Our stay in Hawera with friends was extended as Suzi motorhome needed some intensive (and expensive) engine care. Rob had taken us on a wonderful tour the day before, and suggested a visit to a museum to learn more of the South Taranaki story while we waited. The word museum is usually not one to make the heart beat faster. But we had heard of the Tawhiti Museum and had had vague ideas of going there one day once we figured out where Tawhiti is.
So one bright sunny Spring afternoon, pointed in the right direction, we finally visited. The full name is Nigel Ogle’s Tawhiti Museum, and the sub-title is “One man’s unique heritage project”. It is said to be widely acclaimed as the best private museum in the country. In my opinion this undersells it. I’d say it is one of the best museums in the country of any kind. The dioramas showing the Maori history in South Taranaki are simply stunning. And mind blowing – helping to understand the size and sophistication of the Maori settlements and civilisation.
The day before when we were coming back to Hawera from our walk on the lower slopes of Mt Taranaki Rob had stopped off to show us around the Turuturu Mokai Historic Reserve.
It was an interesting place. It is clear that there had been big things here, but how big is hard to grasp. Rob showed us where the Turuturumōkai Redoubt (British Army fort) had been established in the 1860s. This was the site of a major battle in 1868 (The link is to a 1956 publication which reflects the sensitivities of the time). There is now a memorial there to the British soldiers who died there; with no mention of the Maoris (who mostly won).
We were fortunate to meet Milton Whareaitu while we were walking around. Milton is a man with a mission; to return the site to its former appearance. He is called a voluntary project manager which probably means he gets little for doing most of it. He is an inspiring man with a positive outlook and I hope he gets all the support he needs.
Seeing the reserve was a good precursor for our visit to the Tawhiti Museum, the Turuturu Mokai pa is one of the star features of the museum.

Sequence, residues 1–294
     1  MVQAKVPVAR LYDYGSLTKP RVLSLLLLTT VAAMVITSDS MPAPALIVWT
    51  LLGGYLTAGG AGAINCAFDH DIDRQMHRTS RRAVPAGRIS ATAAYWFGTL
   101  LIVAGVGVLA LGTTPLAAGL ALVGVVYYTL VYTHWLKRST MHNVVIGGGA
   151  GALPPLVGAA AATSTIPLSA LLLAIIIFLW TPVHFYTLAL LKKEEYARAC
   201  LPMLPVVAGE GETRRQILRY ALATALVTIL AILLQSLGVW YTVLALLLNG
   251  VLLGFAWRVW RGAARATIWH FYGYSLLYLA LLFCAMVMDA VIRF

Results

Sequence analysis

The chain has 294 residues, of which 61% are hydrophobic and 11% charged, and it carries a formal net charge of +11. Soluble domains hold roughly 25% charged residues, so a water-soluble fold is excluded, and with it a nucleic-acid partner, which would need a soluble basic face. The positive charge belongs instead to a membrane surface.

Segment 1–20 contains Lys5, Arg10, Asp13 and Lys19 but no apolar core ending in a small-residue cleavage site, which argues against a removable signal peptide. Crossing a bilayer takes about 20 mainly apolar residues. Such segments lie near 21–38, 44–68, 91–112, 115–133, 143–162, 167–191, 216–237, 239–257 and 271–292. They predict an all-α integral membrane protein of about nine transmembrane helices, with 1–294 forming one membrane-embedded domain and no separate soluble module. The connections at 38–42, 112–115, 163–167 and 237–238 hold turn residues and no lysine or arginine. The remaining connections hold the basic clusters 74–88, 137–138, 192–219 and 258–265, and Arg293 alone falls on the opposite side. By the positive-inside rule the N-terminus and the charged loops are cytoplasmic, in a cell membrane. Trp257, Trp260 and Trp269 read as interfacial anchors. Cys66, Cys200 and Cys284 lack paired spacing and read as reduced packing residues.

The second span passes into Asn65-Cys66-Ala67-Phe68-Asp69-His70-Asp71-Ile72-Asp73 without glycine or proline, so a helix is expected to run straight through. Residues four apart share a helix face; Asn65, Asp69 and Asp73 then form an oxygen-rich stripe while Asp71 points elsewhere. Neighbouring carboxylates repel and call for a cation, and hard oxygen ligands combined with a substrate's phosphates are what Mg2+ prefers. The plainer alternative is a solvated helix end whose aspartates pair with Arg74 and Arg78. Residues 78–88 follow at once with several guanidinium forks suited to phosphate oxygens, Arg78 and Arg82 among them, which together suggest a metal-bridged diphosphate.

The pa was occupied by over 400 people. It was over-run and abandoned in the 16th century. The tapu was not lifted until 1938. After that it fell into disrepair and treaty settlements didn’t help because of arguments over who should control the land. This is where Milton has stepped in and hopefully he is able to sort out the mess, figuratively and literally.
Other dioramas showed the movement through the region of large numbers of Maori. All the small figures are first sculptured in wax before molds are made to enable copies. I tried to spot duplicates but never did. It is extraordinary, sort of like China’s terracotta warriors in miniature. It is a wonderful way to illustrate history. It is created by an artist, and is a gigantic work of art.
There is a lot more to the museum than the dioramas, but we only had time for a small part of it.
We finally ran out of time and headed out into the late afternoon, where Mt Taranaki shimmered in the haze. In a story where people come and people go, you might say Mt Taranaki is the one constant. Except in Taranaki even the mountains come and go. It’s a dynamic place.
It was a fitting end to our visit to South Taranaki. It is an interesting part of New Zealand and we learned a lot of things about our country. I realised that I had in my mind a history that I’d been taught in school and elsewhere which wasn’t exactly right. Or even slightly right in some ways. What I thought of as “Maori Wars” are now called “New Zealand Wars” or “Land Wars”. And there is debate as to whether they were civil wars.
I was taught that the Maori sold their land for a few blankets and muskets, but it is now clearer that it was nothing as simple as that. Significant injustices took place, including mass deportation (including to Dunedin!), imprisonment, and forced seizure of disputed land. Taranaki was a big part of that, and has an opportunity to tell the stories to future generations. Extraordinary individuals like Nigel Ogle and Milton Whareaitu are trying to bring the history alive. We need to understand that to be able to build a proper future.
It is evident that the winners have written most of the history of New Zealand. It is time that we got exposed to more of the shameful episodes of our near past, as well as to the sophistication and scale of Maori culture. To a large extent the Maori lost the battles and the wars; overpowered militarily and economically and politically. There’s a lot of ground to be made up.
Even the memorials get built by the winners. Even when they lose like at Turuturu Mokai Redoubt, the British soldiers get the memorial. How could this be rebalanced? Maybe a proper restoration of Turuturu Mokai and Parihaka and other pas so that we could learn what really happened?